My ward covers some 11,000 acres. Much of this area is set to agriculture and I think it’s appropriate that I comment from time to time on the issues facing our farming community. Here is an article, published by the CPRE. It comments on the post UK Brexit situation. I agree with the CPRE when they say:
“Here is a recent article from CPRE. We may delight in the countryside, but most people have lost their connection with farming. Some simply have no idea where their food comes from. Farms grow bigger (we have lost 34,000 farms in the last decade); soil quality declines; nature is pushed to the margins. We can do better. CPRE is certainly not proposing an end to public funding. Farming is too important to be left at the mercy of market forces – important not only for the food it produces, but for wildlife, flood protection, carbon capture and, yes, safeguarding the matchless beauty of our countryside”.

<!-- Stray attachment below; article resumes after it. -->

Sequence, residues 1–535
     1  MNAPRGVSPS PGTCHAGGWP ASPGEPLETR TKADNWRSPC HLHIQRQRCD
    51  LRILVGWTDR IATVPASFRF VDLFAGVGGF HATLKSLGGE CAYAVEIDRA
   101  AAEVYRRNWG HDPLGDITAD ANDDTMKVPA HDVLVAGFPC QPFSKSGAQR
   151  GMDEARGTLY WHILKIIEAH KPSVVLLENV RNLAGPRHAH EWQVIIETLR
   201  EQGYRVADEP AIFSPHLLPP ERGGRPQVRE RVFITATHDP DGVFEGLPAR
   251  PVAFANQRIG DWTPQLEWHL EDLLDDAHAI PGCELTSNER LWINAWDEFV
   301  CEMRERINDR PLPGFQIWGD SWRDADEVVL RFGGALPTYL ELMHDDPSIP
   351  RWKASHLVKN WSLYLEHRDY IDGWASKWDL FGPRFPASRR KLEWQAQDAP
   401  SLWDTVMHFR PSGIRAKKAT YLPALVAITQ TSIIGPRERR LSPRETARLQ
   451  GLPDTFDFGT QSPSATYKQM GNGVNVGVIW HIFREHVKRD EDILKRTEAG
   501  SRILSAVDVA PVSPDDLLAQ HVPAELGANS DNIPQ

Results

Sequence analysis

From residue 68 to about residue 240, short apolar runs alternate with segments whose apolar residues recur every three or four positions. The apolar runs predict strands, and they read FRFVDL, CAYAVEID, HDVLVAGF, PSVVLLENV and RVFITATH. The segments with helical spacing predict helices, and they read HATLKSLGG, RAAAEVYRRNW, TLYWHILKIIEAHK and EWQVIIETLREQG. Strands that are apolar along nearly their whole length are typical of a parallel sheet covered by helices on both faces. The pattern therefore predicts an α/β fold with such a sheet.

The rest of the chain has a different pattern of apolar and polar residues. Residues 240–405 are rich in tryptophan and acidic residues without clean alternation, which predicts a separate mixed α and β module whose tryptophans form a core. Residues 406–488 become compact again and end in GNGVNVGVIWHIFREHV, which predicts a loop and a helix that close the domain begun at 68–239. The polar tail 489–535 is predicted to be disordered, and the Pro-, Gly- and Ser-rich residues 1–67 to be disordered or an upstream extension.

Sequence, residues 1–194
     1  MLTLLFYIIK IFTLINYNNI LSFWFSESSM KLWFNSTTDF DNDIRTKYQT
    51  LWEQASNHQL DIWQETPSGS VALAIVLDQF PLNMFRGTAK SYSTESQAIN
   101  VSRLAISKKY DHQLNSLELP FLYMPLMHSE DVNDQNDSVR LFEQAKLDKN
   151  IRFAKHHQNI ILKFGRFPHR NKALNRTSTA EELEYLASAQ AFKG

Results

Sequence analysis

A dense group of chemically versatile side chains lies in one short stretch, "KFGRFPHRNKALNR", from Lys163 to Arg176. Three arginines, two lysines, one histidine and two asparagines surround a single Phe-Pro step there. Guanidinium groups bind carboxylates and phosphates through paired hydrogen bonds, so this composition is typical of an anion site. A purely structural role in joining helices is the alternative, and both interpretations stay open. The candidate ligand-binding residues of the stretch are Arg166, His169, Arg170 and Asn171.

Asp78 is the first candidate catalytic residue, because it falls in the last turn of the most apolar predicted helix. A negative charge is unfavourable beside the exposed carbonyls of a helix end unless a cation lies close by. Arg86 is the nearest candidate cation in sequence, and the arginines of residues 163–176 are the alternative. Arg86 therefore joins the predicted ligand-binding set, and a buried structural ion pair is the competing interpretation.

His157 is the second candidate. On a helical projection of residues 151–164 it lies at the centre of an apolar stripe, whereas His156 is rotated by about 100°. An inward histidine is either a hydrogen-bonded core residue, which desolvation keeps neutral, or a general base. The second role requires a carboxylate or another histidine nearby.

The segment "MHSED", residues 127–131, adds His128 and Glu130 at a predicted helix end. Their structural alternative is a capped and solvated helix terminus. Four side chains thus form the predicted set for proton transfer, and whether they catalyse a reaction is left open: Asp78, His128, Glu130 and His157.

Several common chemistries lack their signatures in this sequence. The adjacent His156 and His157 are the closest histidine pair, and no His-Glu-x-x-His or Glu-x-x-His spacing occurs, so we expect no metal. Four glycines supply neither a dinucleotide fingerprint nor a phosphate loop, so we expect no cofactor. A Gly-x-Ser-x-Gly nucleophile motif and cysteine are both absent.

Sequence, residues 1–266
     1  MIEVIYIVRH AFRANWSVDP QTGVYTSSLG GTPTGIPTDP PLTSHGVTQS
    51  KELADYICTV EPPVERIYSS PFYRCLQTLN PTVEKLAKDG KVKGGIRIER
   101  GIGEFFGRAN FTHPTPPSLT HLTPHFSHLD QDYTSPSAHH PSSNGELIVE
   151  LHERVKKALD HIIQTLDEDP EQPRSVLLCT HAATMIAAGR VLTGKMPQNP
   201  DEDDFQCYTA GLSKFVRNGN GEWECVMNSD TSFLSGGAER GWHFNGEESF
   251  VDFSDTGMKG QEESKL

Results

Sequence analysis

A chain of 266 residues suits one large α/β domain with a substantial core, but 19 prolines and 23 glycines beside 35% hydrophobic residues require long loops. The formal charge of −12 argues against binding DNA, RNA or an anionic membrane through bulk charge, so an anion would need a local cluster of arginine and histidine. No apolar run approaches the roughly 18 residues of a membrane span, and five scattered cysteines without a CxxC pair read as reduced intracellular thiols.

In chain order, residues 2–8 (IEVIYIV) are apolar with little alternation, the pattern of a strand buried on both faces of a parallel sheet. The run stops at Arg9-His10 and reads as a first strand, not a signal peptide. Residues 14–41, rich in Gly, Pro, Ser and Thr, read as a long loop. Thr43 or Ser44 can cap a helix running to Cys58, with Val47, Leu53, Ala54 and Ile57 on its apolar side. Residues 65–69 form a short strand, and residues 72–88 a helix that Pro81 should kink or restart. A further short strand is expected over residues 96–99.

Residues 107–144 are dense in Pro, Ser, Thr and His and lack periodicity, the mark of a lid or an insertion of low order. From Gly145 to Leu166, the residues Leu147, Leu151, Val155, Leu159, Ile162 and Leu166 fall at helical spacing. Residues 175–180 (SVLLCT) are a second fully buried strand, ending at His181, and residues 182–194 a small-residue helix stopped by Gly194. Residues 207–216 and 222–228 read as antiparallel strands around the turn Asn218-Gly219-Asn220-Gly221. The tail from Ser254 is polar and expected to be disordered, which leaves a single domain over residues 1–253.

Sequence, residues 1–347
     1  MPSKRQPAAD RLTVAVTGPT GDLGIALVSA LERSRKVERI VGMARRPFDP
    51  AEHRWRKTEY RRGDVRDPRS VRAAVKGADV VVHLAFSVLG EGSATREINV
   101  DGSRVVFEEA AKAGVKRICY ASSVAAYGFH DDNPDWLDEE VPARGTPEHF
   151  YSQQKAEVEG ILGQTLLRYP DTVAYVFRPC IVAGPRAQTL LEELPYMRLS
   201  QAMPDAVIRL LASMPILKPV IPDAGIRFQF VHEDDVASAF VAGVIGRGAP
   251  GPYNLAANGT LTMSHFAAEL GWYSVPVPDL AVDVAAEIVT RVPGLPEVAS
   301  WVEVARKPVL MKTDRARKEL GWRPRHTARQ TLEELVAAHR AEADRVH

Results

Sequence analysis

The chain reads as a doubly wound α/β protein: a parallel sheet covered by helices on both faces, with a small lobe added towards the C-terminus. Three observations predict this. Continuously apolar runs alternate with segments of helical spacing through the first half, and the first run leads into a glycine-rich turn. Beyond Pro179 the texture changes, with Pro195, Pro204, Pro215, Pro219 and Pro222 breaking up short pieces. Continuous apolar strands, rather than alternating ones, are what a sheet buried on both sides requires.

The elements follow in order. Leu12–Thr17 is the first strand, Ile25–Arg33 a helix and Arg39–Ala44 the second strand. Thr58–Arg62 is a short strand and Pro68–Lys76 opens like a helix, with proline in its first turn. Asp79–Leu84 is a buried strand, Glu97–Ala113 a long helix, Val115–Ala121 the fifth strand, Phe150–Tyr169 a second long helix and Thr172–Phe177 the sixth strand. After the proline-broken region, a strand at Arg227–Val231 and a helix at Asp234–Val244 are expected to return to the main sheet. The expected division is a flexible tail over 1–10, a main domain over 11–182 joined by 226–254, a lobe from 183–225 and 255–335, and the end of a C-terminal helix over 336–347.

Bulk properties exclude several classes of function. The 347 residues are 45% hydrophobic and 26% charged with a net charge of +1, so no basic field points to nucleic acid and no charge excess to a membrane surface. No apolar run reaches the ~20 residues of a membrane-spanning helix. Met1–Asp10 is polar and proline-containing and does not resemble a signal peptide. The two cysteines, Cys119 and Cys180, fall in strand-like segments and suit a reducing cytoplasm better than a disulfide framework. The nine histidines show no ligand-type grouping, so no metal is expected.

Please read on to see their more detailed comments.
First published in Shooting Times, 31st August 2016
Post-Brexit politics looks set to be dominated by years of hard, tedious trade negotiations and arguments over what to do with over 40 years of EU-inspired legislation. The business of ‘getting back control’ may be pretty dull.
But one area of policy enthuses both sides in the referendum campaign: forging national agricultural policies to replace the Common Agricultural Policy (CAP).
Britain’s countryside has been shaped by farming, and farming since the Second World War has been largely shaped by public policy. UK farmers currently receive just over £3 billion a year in financial support, but both the overall sum and how it is spent are largely determined in Brussels. Now we must decide how, and how much, to support British farmers.
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